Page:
LBI-HTA - Publications - Search - Evidence requirements for the authorization and reimbursement of high-risk medical devices in the USA, Europe, Australia and Canada: An analysis of seven high-risk medical devices

Krüger, L.J. and Wild, C. (2013): Evidence requirements for the authorization and reimbursement of high-risk medical devices in the USA, Europe, Australia and Canada: An analysis of seven high-risk medical devices. HTA-Projektbericht 73.

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Abstract

In the last decade, public awareness of unsafe and ineffective high-risk devices entering the market has been raised. Consequently, evidence requirements for the market authorisation process of medical devices may not be enough to ensure high-quality and safe provision of care. This research report first explores the authorisation systems for high-risk medical devices in four selected regions (USA, Canada, Australia and Europe). Secondly, it analyses the clinical evidence accessible at the time of both market approval and assessment (HTA) for the reimbursement of seven selected high-risk medical devices.
Methods: A literature search in PubMed, complimented by a worldwide web-search, was conducted for authorisation systems and their evidence requirements in the four selected regions, with a focus on seven exemplary high-risk devices.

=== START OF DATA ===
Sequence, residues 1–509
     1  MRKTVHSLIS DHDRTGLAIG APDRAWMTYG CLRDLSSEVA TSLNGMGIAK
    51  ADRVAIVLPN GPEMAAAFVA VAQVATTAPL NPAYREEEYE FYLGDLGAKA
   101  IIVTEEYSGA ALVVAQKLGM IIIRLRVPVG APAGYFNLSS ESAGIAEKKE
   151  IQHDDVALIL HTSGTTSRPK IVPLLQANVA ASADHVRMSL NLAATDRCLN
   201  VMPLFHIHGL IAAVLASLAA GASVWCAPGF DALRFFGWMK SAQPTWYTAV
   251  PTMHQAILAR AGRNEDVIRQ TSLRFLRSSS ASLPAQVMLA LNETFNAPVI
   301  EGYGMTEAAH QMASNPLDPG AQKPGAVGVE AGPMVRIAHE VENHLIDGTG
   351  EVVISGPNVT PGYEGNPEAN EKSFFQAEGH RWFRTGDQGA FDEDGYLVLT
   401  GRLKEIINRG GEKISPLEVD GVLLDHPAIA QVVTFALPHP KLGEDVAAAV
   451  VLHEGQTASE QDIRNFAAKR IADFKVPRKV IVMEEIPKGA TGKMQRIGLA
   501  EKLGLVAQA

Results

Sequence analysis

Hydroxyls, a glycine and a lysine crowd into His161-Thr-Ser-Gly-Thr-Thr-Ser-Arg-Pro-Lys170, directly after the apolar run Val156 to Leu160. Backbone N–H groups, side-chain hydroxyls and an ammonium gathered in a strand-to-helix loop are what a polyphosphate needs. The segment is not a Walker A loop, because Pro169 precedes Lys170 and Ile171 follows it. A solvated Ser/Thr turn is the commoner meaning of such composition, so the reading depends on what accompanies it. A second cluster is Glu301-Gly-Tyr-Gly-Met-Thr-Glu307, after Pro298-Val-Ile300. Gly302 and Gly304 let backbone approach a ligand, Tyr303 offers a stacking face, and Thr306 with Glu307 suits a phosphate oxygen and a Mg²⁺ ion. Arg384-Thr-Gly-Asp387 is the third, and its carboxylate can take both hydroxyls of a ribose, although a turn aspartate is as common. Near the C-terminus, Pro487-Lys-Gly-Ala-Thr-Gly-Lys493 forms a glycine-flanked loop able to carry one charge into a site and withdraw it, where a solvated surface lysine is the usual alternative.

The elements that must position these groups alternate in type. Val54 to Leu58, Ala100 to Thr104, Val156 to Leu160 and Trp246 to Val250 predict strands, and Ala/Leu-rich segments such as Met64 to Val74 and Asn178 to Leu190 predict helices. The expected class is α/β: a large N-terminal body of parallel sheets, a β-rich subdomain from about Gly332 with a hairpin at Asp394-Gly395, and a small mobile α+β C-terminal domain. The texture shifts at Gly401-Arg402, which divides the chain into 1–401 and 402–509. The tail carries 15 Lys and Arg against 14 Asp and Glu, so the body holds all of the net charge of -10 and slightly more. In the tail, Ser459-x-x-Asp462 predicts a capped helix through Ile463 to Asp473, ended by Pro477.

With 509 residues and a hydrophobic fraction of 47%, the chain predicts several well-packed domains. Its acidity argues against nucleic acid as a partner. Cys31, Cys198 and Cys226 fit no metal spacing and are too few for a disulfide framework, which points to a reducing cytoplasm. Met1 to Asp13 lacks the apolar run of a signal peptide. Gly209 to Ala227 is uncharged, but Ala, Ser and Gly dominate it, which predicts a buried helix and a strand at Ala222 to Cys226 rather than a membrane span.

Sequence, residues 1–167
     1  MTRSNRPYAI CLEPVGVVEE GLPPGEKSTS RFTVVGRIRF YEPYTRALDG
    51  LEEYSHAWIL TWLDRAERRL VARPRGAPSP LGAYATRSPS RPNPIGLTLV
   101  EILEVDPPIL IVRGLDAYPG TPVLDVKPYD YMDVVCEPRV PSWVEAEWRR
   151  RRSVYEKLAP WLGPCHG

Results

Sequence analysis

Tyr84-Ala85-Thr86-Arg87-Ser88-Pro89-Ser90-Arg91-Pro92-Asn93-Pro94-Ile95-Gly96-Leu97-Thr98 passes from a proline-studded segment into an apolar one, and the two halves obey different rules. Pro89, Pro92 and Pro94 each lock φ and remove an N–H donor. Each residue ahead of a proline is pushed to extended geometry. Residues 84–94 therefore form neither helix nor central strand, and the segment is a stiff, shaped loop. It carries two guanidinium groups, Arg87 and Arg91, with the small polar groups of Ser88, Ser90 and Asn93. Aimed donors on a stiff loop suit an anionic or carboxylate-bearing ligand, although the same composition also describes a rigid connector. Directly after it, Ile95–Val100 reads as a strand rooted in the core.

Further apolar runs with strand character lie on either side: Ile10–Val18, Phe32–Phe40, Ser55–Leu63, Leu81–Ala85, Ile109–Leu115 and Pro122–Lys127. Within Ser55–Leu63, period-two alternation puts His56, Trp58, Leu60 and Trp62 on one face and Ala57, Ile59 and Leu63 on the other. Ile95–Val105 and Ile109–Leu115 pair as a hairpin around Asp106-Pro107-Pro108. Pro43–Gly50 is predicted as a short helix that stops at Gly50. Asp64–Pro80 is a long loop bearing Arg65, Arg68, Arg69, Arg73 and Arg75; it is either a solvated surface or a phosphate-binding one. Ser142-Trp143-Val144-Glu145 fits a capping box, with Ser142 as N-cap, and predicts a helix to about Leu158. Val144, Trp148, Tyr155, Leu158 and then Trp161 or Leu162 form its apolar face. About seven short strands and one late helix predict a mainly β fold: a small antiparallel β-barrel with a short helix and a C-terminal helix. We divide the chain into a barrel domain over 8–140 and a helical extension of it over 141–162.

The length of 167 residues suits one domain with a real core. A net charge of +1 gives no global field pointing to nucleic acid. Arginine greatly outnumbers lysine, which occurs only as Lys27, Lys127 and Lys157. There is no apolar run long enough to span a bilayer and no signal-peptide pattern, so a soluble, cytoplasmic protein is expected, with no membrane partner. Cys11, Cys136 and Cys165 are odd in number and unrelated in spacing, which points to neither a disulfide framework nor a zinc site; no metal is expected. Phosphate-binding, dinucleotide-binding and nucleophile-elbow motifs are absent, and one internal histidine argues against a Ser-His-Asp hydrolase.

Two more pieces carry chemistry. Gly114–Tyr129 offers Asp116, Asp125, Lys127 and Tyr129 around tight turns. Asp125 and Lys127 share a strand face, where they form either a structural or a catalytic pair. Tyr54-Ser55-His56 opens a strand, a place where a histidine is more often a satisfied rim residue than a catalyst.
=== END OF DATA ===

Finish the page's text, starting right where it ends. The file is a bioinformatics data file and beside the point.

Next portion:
Results: All seven medical devices have been approved in the European Union through an appointed Notified Body, only four by the Australian Therapeutic Goods Administration (TGA), one each by the US-American Food and Drug Administration (FDA) and the Canadian Therapeutics Products Directorate (TPD) respectively. In comparison to the other three regulatory systems, the number of approved devices in Europe is high, especially when taking into additional consideration that four further devices were also assessed by the FDA, but were either rejected or not approved for general use. In almost all of the seven analysed examples, the pre-market approval in Europe was granted 2-5 years before authorisation in other systems. The evidence used for CE-marking is not known due to its highly decentralised authorisation system and the lack of transparency. Since authorisation in Europe is granted earlier, the clinical evidence is naturally less mature. In contrast, none of the seven medical devices has so far been recommended for reimbursement. The pre-reimbursement assessments most often state that current evidence is not enough to ensure patient benefit and safety. Some devices are recommended for "research only".
Discussion and conclusion: The results support the call for a change in the European authorisation system towards a transparent and evidence-based regulation process. Conditional coverage or coverage under evidence development is applied as an instrument to close the gap between immature data and reimbursement requirements.

Item Type:Project Report
Keywords:Medical devices, market authorisation, CE-marking, FDA-approval, reimbursement
Subjects:WB Practice of medicine > WB 300-962 Therapeutics
WB Practice of medicine > WB 141-293 Diagnosis
W Health professions > W 100-275 Medical, dental and pharmaceutical service plans
WB Practice of medicine > WB 102 Evidence-based medicine
W Health professions > W 84 Health services. Quality of health care
Language:English
Series Name:HTA-Projektbericht 73
Deposited on:19 Nov 2013 13:51
Last Modified:19 Nov 2013 13:51

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